Slab-on-grade concrete and interlocking pavers are among the most common materials used for pool patios. This article compares three important aspects that you should consider as you decide which of the two is better for your pool area.

Installation

The installation of pavers typically involves laying them side-by-side across the patio area surrounding the pool. Installing slab-on-grade concrete will require you to mix the aggregate before pouring it over the pool patio. Laying pavers requires less skill than pouring fresh concrete over the patio.

However, installing pavers one by one is more of a cumbersome activity and is likely to take longer. If you decide to hire patio builders, it will likely cost you more to install pavers than slab-on-grade concrete because it’s a more labour-intensive process. A higher cost of installation and an often higher cost of raw materials means that interlocking pavers around the pool will make you dig deeper into your pockets, which could be an issue if you’re on a strict budget.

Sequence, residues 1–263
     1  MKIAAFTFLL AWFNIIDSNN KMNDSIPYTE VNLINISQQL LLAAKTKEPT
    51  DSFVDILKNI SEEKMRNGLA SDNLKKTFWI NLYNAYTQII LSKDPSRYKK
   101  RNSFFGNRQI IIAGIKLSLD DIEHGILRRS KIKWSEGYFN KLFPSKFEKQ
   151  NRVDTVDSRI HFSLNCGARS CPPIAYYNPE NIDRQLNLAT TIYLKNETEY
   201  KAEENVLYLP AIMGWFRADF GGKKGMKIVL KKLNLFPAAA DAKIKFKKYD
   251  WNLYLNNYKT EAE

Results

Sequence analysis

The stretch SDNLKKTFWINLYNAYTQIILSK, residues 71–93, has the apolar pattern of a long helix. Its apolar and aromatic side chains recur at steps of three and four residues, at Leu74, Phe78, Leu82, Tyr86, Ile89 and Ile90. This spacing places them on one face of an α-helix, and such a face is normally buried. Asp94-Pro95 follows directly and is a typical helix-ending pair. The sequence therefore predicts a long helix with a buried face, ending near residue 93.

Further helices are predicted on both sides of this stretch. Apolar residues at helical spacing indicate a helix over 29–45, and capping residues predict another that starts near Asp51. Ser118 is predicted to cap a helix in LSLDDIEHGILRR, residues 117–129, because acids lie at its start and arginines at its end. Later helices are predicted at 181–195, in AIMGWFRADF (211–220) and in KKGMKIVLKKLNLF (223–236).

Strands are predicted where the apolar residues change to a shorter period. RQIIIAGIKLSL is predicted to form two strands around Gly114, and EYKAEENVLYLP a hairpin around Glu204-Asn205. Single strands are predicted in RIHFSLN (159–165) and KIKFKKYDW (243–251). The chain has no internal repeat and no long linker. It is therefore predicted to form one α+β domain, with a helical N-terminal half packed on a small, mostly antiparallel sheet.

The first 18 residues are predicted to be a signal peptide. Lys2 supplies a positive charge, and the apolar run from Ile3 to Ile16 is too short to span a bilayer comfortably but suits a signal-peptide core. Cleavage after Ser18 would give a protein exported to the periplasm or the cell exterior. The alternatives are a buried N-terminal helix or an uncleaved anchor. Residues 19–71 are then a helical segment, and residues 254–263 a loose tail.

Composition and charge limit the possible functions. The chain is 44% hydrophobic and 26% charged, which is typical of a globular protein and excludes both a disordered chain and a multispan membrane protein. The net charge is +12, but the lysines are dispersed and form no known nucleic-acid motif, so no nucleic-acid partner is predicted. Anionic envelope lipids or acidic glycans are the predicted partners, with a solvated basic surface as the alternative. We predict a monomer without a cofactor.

It’s worth pointing out that you’ll have immediate access to the pool once the installation of pavers is complete. With slab-on-grade concrete, access to the pool area will be restricted for several days as the freshly-poured concrete continues to cure.

Safety

The question of safety will seldom fail to arise in a discussion about materials for a pool patio. This is because the patio is often always wet whenever there are people jumping in and out of the pool. The constant threat of slip-and-fall accidents cannot be overlooked.

When compared to slab-on-grade concrete, interlocking pavers are considered a safer alternative. This is because slab-on-grade concrete has a more continuous surface that’s bound to make the patio area more slippery when wet. Interlocking pavers have numerous joints between the pavers. The presence of these joints improves your grip on the ground as you walk on the patio with wet feet, thereby reducing the likelihood of slip-and-fall accidents.

Maintenance

Concrete patios are built to last. However, the cost of on-going maintenance for the concrete patio could easily be higher than its cost of installation. Interlocking pavers should be cheaper to maintain than slab-on-grade concrete. For example, repairing cracks on slab-on-grade concrete might require you to demolish a large portion of the patio and before re-installing the concrete slab. If interlocking pavers cracks, you’ll only need to replace the affected pavers without destroying much of your patio.